The overwhelming majority in the world live and die under the repressive shadow of poverty and inequity. They are oppressed, abused and exploited in varying degrees depending on the nation of birth, by the 1% or less who have accrued obscene levels of wealth and with it power and political influence. This tiny coterie of men (they are almost all men), suffer from what is perhaps the greatest vice of privilege: complacency. The ‘I’m all right Jack’ syndrome of cynicism and crippling selfishness, which allows 12.2 million children under the age of 5 to die every year in the developing world, “most of them from causes, which could be prevented for just a few US cents per child” [WHO]. These innocent children “die largely because of world indifference.” As a great teacher has said, “throughout the world there are men, women and little children who have not even the essentials to stay alive; they crowd the cities of many of the poorest countries in the world. This crime fills Me with shame. My brothers, how can you watch these people die before your eyes and call yourselves men?”
The “globalisation of indifference” is killing these children; they die for no other reason than being born into poverty and therefore denied the essentials to survive – food and clean water, proper sanitation and health care. And this in a world of plenty, a world overflowing with resources, where there is no need for anybody, not a single child to go hungry, or to be impoverished. All that is required is that the resources of the Earth be shared equitably throughout the world. It is a common-sense idea so simple as to be dismissed by those who abhor simplicity.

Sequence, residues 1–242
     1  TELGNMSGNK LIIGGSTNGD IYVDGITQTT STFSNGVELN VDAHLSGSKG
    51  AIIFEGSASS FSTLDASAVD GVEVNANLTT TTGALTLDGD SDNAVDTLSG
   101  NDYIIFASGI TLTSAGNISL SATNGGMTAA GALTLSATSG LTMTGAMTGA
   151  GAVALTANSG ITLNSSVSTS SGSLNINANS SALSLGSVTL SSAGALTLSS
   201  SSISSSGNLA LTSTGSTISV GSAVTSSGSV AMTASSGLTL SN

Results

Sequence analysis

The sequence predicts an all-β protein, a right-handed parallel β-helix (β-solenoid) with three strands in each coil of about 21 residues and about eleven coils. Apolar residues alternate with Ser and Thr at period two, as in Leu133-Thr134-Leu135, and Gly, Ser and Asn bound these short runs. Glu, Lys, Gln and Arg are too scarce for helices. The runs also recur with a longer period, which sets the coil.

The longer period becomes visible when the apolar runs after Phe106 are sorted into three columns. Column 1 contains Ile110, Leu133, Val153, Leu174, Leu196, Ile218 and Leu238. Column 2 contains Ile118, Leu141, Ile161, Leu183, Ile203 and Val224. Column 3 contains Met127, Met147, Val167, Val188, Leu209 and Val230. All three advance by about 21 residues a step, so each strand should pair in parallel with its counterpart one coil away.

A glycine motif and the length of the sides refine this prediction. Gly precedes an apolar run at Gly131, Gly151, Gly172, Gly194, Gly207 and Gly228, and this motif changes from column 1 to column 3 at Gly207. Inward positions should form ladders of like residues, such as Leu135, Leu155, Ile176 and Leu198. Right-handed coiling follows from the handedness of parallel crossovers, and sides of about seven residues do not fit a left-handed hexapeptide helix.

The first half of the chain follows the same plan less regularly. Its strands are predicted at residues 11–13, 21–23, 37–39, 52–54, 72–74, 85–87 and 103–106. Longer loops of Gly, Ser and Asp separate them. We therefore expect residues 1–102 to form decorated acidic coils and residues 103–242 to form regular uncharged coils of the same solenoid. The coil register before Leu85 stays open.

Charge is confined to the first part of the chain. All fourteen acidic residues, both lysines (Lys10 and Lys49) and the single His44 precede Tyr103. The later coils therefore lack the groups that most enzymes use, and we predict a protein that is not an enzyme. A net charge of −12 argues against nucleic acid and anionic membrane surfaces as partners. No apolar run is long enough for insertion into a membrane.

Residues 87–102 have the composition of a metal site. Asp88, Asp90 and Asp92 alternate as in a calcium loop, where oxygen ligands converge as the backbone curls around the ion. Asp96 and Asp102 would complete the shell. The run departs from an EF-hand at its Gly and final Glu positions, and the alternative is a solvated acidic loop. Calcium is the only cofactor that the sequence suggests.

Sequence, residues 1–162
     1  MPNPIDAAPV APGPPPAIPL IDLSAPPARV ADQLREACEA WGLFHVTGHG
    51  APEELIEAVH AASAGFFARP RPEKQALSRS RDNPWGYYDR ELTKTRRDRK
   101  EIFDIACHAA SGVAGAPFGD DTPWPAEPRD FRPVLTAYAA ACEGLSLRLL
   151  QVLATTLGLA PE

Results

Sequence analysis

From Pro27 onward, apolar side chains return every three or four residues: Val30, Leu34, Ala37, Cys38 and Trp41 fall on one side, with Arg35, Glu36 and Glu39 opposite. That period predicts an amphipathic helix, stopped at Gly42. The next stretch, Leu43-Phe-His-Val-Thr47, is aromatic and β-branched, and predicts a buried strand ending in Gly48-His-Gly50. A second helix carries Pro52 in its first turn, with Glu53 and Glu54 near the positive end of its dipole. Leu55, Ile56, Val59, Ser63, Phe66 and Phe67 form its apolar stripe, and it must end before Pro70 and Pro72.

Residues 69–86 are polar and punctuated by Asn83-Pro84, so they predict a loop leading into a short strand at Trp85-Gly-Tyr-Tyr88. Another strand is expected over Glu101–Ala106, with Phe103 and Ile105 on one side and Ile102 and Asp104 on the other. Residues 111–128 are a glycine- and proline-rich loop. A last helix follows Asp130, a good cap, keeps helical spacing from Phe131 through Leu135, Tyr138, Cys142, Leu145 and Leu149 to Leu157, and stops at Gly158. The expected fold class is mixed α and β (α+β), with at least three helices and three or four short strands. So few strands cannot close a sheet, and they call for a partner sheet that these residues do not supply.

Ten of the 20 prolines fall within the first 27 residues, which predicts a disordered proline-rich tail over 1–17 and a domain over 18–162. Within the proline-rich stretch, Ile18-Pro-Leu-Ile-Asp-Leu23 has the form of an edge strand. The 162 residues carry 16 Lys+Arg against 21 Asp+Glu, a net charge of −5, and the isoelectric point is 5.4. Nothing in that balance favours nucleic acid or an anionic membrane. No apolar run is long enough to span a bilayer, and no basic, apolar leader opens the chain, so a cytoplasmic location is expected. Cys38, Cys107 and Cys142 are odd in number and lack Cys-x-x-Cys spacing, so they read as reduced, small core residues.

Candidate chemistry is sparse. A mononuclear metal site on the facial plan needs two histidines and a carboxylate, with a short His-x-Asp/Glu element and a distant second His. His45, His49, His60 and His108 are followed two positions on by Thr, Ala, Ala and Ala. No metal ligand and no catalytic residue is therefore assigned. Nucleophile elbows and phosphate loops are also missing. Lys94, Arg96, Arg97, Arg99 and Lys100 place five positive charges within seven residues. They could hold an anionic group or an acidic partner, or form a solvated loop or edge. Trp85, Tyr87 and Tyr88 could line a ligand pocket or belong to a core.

Growth feeding inequality
The highest levels of inequality worldwide (developed and developing nations) are to be found throughout Latin America: “there are 7 million more hungry people, 30 million more illiterate people, 10 million more families without homes, 40 million more unemployed persons than there were 20 years ago. There are 240 million human beings in Latin America without the necessities of life, and this when the region is richer and more stable than ever, according to the way the world sees it” [Juan de Dias Parra, head of the Latin American Association for Human Rights in Third World Traveler[ix]]. The economic model adopted throughout Latin America and the developing world is one aggressively promoted by the financiers and benefactors of development, the World Bank and International Monetary Fund (IMF). It is a model that concentrates economic growth in the hands of a tiny percentage of the population – the already wealthy – and sets conditions of market access for western corporations on the look out for upwardly mobile consumers. A fact true in Sub Saharan Africa and South East Asia, where state owned corporations together with those in political power and (government subsidized) multi-nationals are the primary beneficiaries of economic development and so-called market liberalization (which usually entails handing out sweeteners to corporate man and withdrawing state support for the poor) within the national economy.